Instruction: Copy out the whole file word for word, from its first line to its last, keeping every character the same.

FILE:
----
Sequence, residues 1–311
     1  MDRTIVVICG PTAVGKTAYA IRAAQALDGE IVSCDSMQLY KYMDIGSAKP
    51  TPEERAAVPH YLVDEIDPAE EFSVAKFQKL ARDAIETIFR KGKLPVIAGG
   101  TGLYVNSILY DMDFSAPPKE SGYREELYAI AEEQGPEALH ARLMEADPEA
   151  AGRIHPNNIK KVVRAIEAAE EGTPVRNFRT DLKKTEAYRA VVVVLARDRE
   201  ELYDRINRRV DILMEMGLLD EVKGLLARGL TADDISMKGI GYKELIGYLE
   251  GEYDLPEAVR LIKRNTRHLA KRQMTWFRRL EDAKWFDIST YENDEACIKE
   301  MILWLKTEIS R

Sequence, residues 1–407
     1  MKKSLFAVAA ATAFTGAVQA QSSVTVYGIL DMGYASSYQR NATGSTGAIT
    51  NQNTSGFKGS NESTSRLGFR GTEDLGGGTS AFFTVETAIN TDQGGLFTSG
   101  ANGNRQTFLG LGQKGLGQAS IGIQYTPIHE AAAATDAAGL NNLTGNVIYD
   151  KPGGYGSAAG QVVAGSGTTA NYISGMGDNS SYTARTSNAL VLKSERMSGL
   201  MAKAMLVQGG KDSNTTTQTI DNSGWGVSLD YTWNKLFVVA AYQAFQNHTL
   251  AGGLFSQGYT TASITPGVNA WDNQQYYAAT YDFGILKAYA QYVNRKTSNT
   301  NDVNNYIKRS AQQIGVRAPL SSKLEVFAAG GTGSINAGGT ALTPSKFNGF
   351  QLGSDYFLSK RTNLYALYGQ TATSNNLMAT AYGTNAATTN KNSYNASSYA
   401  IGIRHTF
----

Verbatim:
Sequence, residues 1–311
     1  MDRTIVVICG PTAVGKTAYA IRAAQALDGE IVSCDSMQLY KYMDIGSAKP
    51  TPEERAAVPH YLVDEIDPAE EFSVAKFQKL ARDAIETIFR KGKLPVIAGG
   101  TGLYVNSILY DMDFSAPPKE SGYREELYAI AEEQGPEALH ARLMEADPEA
   151  AGRIHPNNIK KVVRAIEAAE EGTPVRNFRT DLKKTEAYRA VVVVLARDRE
   201  ELYDRINRRV DILMEMGLLD EVKGLLARGL TADDISMKGI GYKELIGYLE
   251  GEYDLPEAVR LIKRNTRHLA KRQMTWFRRL EDAKWFDIST YENDEACIKE
   301  MILWLKTEIS R

Sequence, residues 1–407
     1  MKKSLFAVAA ATAFTGAVQA QSSVTVYGIL DMGYASSYQR NATGSTGAIT
    51  NQNTSGFKGS NESTSRLGFR GTEDLGGGTS AFFTVETAIN TDQGGLFTSG
   101  ANGNRQTFLG LGQKGLGQAS IGIQYTPIHE AAAATDAAGL NNLTGNVIYD
   151  KPGGYGSAAG QVVAGSGTTA NYISGMGDNS SYTARTSNAL VLKSERMSGL
   201  MAKAMLVQGG KDSNTTTQTI DNSGWGVSLD YTWNKLFVVA AYQAFQNHTL
   251  AGGLFSQGYT TASITPGVNA WDNQQYYAAT YDFGILKAYA QYVNRKTSNT
   301  NDVNNYIKRS AQQIGVRAPL SSKLEVFAAG GTGSINAGGT ALTPSKFNGF
   351  QLGSDYFLSK RTNLYALYGQ TATSNNLMAT AYGTNAATTN KNSYNASSYA
   401  IGIRHTF